A 57-year-old man with leukocytosis and sphenoid sinus disease
Digital Journal of Ophthalmology 2020
Volume 26, Number 2
April 24, 2020
DOI: 10.5693/djo.03.2019.09.003
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Ansuya P. Deosaran, MD | Department of Ophthalmology, Louisiana State University, New Orleans, Louisiana
Ahmaida Zeglam, MD | Department of Ophthalmology, University of Florida, Gainesville, Florida
Mary K. Wilson, BS | College of Medicine, University of Florida, Gainesville, Florida
Andres Gonzalez, MD | Department of Ophthalmology, University of Florida, Gainesville, Florida
Matthew J. Gray, MD | Department of Ophthalmology, University of Florida, Gainesville, Florida

A 57-year-old man with a past medical history of coronary artery disease, chronic sinusitis, allergic rhinitis, and history of sinus surgery on intranasal steroids presented to an outside emergency room with worsening sinusitis symptoms of 4-5 days’ duration. On arrival, labs revealed a leukocytosis, and computed tomography (CT) of the maxillofacial region revealed significant sphenoid sinus disease, with mild mucosal thickening in the right ethmoid and frontal sinuses. He was admitted for treatment with antibiotics. The following day, the patient felt his swelling and pain had improved but noted acutely decreased vision in his right eye. CT angiography of the head on this day revealed right periorbital edema and cellulitis, with occlusion versus thrombus of the right superior ophthalmic vein and engorgement of the medial and inferior rectus muscles. There was also opacification of the right sphenoid and maxillary sinus (Figure 1). He was started on heparin by Neurology. Two days after admission, he experienced increasing right periorbital swelling, redness, and ptosis. He was transferred to University of Florida, Gainesville, for ophthalmological examination.

Figure 1
Thin slice, contrast-enhanced computed tomography (CT) in an axial plane at two levels show opacification of the right sphenoid and maxillary sinuses, indicated with arrows. Figure 1A demonstrates significant proptosis of the right eye, with early postseptal infiltration in the form of inflammatory stranding of the retro-orbital fatty tissue with reactive osteitis. Figure 1B, a lower axial cut, better demonstrates the opacification of the right maxillary sinus.

On examination at our institution, visual acuity was no light perception in the right eye and 20/30 in the left eye. Intraocular pressure (IOP) was 25 mm Hg in the right eye and 15 mm Hg in the left eye. The right pupil was 5 mm and nonreactive, with a relative afferent pupillary defect by reverse testing due to lack of light perception in that eye. Extraocular motility in the right eye was nonexistent. Anterior segment examination of the right eye revealed proptosis, complete ptosis, and chemosis. Dilated fundus examination of the right eye revealed disc pallor, with blurred disc margins, macular cherry red spot, attenuated vasculature, and a pale, ischemic retina. Findings suggested a possible cavernous sinus thrombosis from infection. Examination of the left eye was unremarkable.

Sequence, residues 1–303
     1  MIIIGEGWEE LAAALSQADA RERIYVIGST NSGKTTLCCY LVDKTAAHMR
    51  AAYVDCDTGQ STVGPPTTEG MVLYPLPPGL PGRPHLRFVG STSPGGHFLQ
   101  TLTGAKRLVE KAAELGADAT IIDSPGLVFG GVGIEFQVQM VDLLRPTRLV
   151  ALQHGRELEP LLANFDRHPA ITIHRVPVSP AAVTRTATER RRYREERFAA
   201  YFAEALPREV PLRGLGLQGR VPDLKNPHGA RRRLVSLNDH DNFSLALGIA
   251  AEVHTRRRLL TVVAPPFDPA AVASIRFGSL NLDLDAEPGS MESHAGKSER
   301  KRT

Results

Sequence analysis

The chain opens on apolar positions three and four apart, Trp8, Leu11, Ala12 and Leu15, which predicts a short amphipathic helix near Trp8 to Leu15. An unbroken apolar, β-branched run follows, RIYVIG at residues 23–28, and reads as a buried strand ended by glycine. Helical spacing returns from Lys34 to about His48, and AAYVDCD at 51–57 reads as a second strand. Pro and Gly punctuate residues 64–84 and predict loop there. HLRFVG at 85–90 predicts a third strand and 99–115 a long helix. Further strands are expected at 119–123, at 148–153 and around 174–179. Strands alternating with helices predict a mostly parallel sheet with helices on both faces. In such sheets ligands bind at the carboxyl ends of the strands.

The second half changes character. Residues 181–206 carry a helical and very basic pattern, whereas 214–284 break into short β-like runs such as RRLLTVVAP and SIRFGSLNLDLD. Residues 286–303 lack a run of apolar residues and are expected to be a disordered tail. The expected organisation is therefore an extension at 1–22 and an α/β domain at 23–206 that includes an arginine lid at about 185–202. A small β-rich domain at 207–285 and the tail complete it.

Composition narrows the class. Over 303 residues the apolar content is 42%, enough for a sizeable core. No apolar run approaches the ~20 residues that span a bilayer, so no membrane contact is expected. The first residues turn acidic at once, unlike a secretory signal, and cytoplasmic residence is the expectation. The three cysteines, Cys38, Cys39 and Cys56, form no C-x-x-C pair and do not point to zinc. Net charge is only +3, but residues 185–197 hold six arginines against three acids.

Three days after his initial admission, the proptosis worsened, and the IOP increased to 45 mm Hg in the right eye. The following day, the left eye had new proptosis, decreased visual acuity (20/60), and an increase in IOP to 22 mm Hg. Extraocular motility of the left eye appeared restricted in all gazes. Anterior examination revealed proptosis, ptosis, and chemosis. Dilated fundus examination remained normal.

Five days after admission, visual acuity in the left eye also progressed to no light perception. His pupil was fixed at 5 mm and nonreactive. Extraocular motility was nonexistent. He developed neck stiffness, left lower extremity and forehead numbness, and intermittent confusion.

Ancillary Testing
Magnetic resonance imaging was deferred because of his implanted defibrillator. Five days after admission, CT showed multiple subacute infarcts in the frontoparietal region and right anterior frontal, temporal, and occipital lobes. There was also early postseptal infiltration and reactive osteitis (Figure 2). CT was repeated that day because of his declining clinical status and revealed progression, with ring-enhancing lesions throughout the maxillofacial region, suggesting abscess formation in the infratemporal and middle cranial fossae.

Initial bacterial blood cultures grew Enterobacter cloacae; fungal blood cultures had no growth. Four days after admission, lumbar puncture revealed leukocytosis, with increased polymorphonucleocytes and monocytes despite negative viral, bacterial, fungal, and amoeba cultures of the cerebral spinal fluid.